In general, we recommend regular scaling and root planing every three or four months. This is about as often as patients with a history of severe or chronic dental problems see us for a dental cleaning. Our dental hygienists will often schedule the two treatments together (for the first deep cleaning appointment) to save you an extra trip to our office. Scaling and root planing becomes a regular part of their dental hygiene routine that’s no more stressful than a standard teeth cleaning for many patients.

What Can I Expect After Scaling and Root Planing?

After your deep cleaning, you may notice that your teeth will be sensitive to hot and cold. This is normal and usually doesn’t last more than a week. Since the gums have receded, clearing plaque and tartar below the gums expose the teeth’s roots. The roots don’t have the thick enamel casing that the crown above the gums do, so they can be sensitive while your mouth adjusts and gums heal. Our dentist may prescribe you a special medicated toothpaste to help you deal with the sensitivity.

It’s also common to experience gum soreness or bleeding for a few days after scaling and root planing. Your gum infection will have made the soft tissues prone to these symptoms, and clearing out the buildup will make them tender. However, as the soft tissues heal and the swelling goes down, your gums can start returning to their old selves and become a nice, pretty pink. In many cases, your gum pockets will disappear as the teeth reattach and tighten around your teeth. This can also help combat gum recession.

After your final deep cleaning visit, we may ask you to come for regular follow-ups afterward. This will ensure your gums are in great shape without any complications. We may also put you on a course of antibiotics for a few days to root out the infection for more effective periodontitis treatment. Our dentist may also prescribe you an antiseptic mouthwash to help the gums and soft tissues heal. You’ll need to take great care of your teeth and gums to keep your gum disease at bay.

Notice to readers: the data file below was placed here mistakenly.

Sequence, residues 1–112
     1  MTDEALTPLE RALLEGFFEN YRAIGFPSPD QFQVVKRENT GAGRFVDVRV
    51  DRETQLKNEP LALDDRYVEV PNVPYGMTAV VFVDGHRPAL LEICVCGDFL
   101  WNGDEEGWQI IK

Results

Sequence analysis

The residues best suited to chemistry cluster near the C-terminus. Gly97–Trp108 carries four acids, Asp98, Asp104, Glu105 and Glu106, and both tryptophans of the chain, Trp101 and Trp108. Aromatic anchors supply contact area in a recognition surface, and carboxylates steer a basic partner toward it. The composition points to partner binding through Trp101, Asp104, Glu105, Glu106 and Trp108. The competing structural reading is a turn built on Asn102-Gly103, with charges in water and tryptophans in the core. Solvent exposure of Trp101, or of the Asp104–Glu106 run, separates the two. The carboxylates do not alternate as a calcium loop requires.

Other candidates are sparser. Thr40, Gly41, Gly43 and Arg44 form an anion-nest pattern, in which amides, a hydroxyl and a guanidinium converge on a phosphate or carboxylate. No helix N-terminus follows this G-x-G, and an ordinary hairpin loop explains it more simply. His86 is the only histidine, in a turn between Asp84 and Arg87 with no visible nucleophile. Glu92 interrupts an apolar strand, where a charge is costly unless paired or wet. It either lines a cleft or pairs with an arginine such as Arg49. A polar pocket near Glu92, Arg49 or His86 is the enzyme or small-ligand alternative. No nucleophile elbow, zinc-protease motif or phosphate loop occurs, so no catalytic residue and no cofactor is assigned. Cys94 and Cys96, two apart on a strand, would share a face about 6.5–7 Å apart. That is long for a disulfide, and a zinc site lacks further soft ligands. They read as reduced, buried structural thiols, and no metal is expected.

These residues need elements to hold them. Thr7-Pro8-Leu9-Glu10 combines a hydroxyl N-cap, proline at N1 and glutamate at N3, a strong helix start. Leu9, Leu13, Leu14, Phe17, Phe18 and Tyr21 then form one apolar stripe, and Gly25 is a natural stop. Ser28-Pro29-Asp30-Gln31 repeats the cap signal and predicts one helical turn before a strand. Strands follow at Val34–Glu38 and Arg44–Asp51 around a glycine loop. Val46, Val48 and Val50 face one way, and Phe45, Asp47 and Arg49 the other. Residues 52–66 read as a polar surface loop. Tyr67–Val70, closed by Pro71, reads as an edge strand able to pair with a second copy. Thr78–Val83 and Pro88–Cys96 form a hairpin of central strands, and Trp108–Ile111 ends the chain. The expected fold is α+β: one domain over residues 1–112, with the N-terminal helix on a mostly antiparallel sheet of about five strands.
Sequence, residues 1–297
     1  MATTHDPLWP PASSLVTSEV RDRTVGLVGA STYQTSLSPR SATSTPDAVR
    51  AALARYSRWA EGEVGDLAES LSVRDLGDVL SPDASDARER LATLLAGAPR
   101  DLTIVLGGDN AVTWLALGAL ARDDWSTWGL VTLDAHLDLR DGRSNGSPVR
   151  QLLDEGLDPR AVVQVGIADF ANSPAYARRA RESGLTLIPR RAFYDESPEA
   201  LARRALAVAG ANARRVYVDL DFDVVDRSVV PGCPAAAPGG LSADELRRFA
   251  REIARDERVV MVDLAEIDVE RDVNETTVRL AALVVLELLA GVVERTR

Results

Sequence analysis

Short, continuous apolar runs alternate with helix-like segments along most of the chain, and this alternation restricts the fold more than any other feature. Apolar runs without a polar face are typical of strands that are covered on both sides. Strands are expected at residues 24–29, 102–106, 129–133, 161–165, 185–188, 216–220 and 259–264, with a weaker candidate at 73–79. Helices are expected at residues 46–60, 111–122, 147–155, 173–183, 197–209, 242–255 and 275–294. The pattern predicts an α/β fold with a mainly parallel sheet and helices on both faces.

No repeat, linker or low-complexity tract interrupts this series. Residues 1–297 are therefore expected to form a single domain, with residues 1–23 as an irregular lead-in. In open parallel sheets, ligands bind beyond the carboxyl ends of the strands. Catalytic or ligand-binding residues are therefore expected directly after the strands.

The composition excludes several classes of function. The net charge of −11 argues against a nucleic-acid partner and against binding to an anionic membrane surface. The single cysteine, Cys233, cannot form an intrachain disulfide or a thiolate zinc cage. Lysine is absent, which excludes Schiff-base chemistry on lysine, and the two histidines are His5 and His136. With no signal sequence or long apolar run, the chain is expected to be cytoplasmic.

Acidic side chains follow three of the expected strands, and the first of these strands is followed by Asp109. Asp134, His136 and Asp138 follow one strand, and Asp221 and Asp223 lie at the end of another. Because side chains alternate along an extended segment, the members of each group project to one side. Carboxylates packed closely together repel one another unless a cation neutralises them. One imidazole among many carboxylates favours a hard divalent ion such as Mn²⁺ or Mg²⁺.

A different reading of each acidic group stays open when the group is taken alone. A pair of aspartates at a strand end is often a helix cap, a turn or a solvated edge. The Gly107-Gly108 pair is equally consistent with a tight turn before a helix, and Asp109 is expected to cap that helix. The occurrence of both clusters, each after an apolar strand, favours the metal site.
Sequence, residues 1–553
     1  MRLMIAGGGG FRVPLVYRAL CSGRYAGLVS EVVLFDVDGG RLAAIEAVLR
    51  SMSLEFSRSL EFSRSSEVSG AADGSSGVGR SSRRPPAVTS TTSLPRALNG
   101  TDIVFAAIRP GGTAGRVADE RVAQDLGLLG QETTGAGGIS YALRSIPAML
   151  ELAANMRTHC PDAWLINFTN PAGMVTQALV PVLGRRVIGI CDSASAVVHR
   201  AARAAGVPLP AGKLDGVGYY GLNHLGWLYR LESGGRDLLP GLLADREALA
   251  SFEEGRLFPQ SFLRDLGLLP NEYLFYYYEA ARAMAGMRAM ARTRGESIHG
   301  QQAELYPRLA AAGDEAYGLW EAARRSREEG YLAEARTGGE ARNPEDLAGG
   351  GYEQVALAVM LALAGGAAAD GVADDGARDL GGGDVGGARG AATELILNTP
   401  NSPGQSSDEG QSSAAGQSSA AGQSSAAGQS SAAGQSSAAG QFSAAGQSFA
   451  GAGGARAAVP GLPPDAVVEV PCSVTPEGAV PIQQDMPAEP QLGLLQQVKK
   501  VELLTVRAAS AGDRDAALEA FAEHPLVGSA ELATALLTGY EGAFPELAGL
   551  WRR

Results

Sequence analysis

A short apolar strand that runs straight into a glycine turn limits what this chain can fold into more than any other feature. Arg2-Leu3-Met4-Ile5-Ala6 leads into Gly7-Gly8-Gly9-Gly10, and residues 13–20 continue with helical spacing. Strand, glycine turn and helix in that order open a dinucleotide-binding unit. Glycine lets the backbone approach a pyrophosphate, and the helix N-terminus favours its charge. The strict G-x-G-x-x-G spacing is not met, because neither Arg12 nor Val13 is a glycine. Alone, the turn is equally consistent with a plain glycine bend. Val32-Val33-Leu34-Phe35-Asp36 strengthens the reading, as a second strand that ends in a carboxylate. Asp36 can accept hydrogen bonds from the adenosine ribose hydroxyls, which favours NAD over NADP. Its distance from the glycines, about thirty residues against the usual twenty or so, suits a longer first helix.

What Happens If Periodontal Disease Goes Untreated?

Without regular periodontal maintenance, you’ll see your periodontitis worsen. Eventually, it can put your entire smile at risk. As gum disease progresses, it doesn’t just inflame or irritate the gums. Oral bacteria will gradually destroy the gums, connective ligaments, and even the alveolar jaw bone supporting your teeth. The more these tissues are hurt and damaged, the deeper your gums’ pockets become and the more your teeth lose their anchoring in the jaw.

As gum disease advances, you’ll start to notice more worrying symptoms than red and tender gums or gingival bleeding:

  • Gum pockets deepen
  • Pain when biting down or chewing
  • Teeth become loose, and your bite changes
  • New spaces appear between teeth
  • Dentures no longer fit as they should
  • Pus appears between your teeth and gums as abscesses form
  • Eventual tooth loss

In particularly severe cases, you may still lose one or more of your teeth even if gum disease hasn’t caused enough damage that your teeth fall out on their own. Grafting won’t be enough to save your teeth when too much of the soft tissues and bone supporting them are missing. Most likely, your dentist will need to remove your teeth to save you time and pain.

We want to prevent these worst-case scenarios, if at all possible. Our dentists want to keep your smile in the best and healthiest shape possible, and leaving your gum disease alone can quickly turn into a dental nightmare! If you suspect you may have gum disease—red and bleeding gums, chronic bad breath, teeth looking longer than usual, and loose teeth—don’t wait to see our team for treatment.

Cost Of Periodontal Cleaning

Deep cleanings are more expensive than regular dental cleanings since they are much more comprehensive and typically require two to four visits to complete. Regular dental cleanings are 100% covered by insurance, but what about scaling and root planing? Many insurance companies will cover 50% or more of a patient’s deep cleaning cost. Our dental office aims to keep our patients’ needed treatments as affordable as possible. That’s why we also offer alternative financing options to help with the rest that your insurance won’t cover.

If you have any questions or would like to schedule a deep cleaning with our Houston team, please don’t hesitate to call our office today at (832) 916-4144.